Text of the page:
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Phair’s Fair

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Blunt Rock: Liz Phair

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Liz Phair’s vibrant first album spoke crisply of lust, won her slacker fans and topped US polls. Barney Hoskyns listens to her second offering

Few rock artists making their debuts have been greeted with such an avalanche of acclaim as thundered down on Liz Phair last year. Her double-album-length CD Exile in Guyville struck a chord throughout slacker America so deep it shocked the life out of the poor girl. “I figured if we made it to 2,000 copies we might have a shot at re-pressing the thing,” she says with a chuckle. “I was just a neighbourhood kid who wanted to show the boys I could do it.”

But then that, in great part, was what the lo-fi, multi-poll-topping, expletive-splattered Guyville was about: a girl on the outside of the male indie-rock underground circuit, half wanting in, half wanting to mow down the black-clad, middle-class navel-gazers with her rage and her lust and the sheer nous of her music. The fact that Phair wrote the album’s 18 songs in mirror-image response to the 18 tracks on The Rolling Stones’ Exile on Main Street — that male-strutting rock double album to end all double albums — made Guyville an even more cogent statement.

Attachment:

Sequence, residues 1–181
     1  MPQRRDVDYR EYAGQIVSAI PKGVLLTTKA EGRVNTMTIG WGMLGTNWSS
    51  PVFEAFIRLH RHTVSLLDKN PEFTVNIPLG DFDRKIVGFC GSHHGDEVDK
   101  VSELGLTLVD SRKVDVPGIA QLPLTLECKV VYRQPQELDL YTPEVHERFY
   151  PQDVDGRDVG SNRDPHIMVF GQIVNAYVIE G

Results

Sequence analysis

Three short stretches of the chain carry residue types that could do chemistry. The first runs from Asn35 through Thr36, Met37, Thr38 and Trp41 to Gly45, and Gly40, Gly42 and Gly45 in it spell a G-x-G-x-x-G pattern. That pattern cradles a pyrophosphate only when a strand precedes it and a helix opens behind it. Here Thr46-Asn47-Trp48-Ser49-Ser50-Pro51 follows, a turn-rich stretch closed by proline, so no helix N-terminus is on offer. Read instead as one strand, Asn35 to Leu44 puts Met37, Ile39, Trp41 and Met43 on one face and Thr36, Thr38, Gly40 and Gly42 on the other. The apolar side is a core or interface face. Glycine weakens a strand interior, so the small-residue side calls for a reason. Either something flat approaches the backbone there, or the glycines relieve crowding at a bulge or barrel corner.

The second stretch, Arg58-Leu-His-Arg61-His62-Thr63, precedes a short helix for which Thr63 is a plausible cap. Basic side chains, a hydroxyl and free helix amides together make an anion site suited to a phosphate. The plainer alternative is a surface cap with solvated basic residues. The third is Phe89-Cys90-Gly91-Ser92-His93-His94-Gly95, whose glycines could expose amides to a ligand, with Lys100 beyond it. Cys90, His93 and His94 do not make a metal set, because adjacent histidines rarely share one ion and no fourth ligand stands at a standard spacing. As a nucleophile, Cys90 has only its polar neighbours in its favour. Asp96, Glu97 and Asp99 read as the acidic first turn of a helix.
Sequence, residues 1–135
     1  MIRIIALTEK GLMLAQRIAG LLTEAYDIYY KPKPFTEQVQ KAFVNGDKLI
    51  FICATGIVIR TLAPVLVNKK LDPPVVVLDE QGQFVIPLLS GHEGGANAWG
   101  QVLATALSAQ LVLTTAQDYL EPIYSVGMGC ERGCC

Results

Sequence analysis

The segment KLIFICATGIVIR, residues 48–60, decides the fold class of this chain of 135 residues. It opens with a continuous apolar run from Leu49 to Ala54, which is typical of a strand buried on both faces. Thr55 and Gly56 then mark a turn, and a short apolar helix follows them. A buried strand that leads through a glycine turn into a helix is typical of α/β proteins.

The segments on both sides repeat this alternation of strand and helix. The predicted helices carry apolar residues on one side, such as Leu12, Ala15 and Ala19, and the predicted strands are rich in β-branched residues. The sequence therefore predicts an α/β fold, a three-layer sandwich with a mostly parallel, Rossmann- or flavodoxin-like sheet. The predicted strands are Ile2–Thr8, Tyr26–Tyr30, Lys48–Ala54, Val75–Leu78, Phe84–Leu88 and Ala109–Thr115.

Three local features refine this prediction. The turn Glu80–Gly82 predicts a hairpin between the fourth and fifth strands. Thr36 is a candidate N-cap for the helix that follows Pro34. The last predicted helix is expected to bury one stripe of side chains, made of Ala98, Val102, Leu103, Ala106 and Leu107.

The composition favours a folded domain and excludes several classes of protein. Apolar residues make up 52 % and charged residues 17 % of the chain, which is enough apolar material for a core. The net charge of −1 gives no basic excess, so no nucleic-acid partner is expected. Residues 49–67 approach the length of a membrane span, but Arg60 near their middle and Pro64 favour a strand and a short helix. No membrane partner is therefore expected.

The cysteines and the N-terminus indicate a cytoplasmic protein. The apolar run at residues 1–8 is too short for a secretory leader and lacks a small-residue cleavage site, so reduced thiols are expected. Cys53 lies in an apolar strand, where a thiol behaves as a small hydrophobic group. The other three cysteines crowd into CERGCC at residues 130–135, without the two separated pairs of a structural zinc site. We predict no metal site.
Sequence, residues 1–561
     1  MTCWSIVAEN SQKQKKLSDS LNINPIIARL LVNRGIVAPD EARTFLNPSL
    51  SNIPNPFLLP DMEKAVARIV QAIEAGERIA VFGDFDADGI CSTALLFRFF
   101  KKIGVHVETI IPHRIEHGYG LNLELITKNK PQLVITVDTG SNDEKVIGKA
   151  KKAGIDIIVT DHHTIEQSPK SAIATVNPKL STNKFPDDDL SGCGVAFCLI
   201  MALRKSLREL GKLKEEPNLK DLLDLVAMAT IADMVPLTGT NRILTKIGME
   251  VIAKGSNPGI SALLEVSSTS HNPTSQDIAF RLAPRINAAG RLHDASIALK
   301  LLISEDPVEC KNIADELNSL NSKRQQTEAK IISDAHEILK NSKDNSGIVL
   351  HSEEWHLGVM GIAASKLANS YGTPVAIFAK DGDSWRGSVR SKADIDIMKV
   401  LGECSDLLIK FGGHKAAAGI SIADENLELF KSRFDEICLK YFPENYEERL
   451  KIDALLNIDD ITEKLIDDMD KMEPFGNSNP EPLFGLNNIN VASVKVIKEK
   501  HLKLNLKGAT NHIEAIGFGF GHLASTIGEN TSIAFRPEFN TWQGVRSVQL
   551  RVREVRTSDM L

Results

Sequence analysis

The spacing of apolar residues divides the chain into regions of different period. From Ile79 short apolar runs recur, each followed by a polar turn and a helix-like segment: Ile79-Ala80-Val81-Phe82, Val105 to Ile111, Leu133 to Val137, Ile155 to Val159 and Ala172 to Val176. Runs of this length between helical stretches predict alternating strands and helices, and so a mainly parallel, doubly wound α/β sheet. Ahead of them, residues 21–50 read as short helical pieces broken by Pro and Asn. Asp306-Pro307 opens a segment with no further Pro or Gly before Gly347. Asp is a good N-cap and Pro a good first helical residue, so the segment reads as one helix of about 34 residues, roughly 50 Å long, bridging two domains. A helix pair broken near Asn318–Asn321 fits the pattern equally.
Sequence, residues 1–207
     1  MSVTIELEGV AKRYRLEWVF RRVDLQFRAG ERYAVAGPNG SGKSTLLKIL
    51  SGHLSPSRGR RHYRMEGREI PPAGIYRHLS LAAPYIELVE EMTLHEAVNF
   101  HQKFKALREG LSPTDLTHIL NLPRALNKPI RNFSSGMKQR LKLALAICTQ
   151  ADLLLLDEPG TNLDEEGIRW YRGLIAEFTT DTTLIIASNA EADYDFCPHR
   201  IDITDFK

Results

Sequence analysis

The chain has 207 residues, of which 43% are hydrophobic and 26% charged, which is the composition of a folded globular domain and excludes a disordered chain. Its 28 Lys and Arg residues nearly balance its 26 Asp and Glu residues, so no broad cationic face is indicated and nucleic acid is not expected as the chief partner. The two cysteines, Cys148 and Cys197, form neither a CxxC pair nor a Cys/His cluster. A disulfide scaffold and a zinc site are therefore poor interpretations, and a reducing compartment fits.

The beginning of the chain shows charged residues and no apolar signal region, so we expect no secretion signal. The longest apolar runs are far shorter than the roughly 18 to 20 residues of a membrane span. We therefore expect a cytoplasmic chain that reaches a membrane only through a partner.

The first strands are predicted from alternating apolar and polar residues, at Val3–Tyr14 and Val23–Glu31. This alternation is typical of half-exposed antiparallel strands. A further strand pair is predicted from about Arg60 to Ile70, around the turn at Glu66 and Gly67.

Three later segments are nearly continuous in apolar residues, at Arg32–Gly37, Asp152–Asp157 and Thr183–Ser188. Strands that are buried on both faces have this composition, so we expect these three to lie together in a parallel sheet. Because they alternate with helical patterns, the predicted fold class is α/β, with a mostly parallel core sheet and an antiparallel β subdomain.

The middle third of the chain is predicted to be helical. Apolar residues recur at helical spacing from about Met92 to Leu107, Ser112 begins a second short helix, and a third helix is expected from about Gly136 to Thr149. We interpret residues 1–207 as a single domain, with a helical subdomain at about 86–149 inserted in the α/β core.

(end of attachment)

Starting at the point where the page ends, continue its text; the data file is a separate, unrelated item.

The irony of Guyville‘s success is that it not only propelled Phair out of Guyville itself — the nickname given to the artsy low-rent Wicker Park section of her native Chicago (where the lesbian film Go Fish was made) — but temporarily robbed her of her subject matter. “I went through a period of not knowing how to write songs,” she admits. “But then I just stopped worrying about Guyville and started writing what I felt like.” The result of this screw-’em-all burst of self-expression is the fetchingly titled Whip-Smart (Matador).

Now that she’s moved boldly into the arena of stylistic diversity and studio trickery, it’s no longer so easy to pigeonhole Phair somewhere between the dank eroticism of P.J. Harvey and the sophomore tetchiness of Juliana Hatfield (mixed in with a little old-school Michelle Shocked:). The sound of songs such as “Jealousy” or “Cinco De Mayo” alone is proof that she’s got the hell out of Guyville — the bare-all candour and vulnerability has been toned down. “Guyville was written for me and maybe some people around me, whereas this album definitely wants to be listened to.”

It is possible that in reaching out more determinedly across airwaves, Phair will lose the slacker fans she connected with last time around. But she herself suspects that there’s still something obstinately quirky about her “beautiful pop-rock classics that don’t get played on the radio”.

Quirky they may be, but the 14 songs on Whip-Smart should at least see a little more attention paid to her musical artfulness than the titillating effect of (in her own words) hearing “a nice girl talking about fucking. I decided to play on people’s expectations and then just flip around on them.”

She adds that despite the album’s title, her image this time will be less sassy-meets slacker — or “downhome Madonna” — and a tad more jaded. She’s learnt the hard way that the music business is run by “men who only want to sluttify you”, which is why she’s decided to direct the video for her second single herself. “There are more female voices in pop culture than there were,” she says, “but we’re still treated like novelty acts.”

By Barney Hoskyns
Vogue (British edition), October 1994

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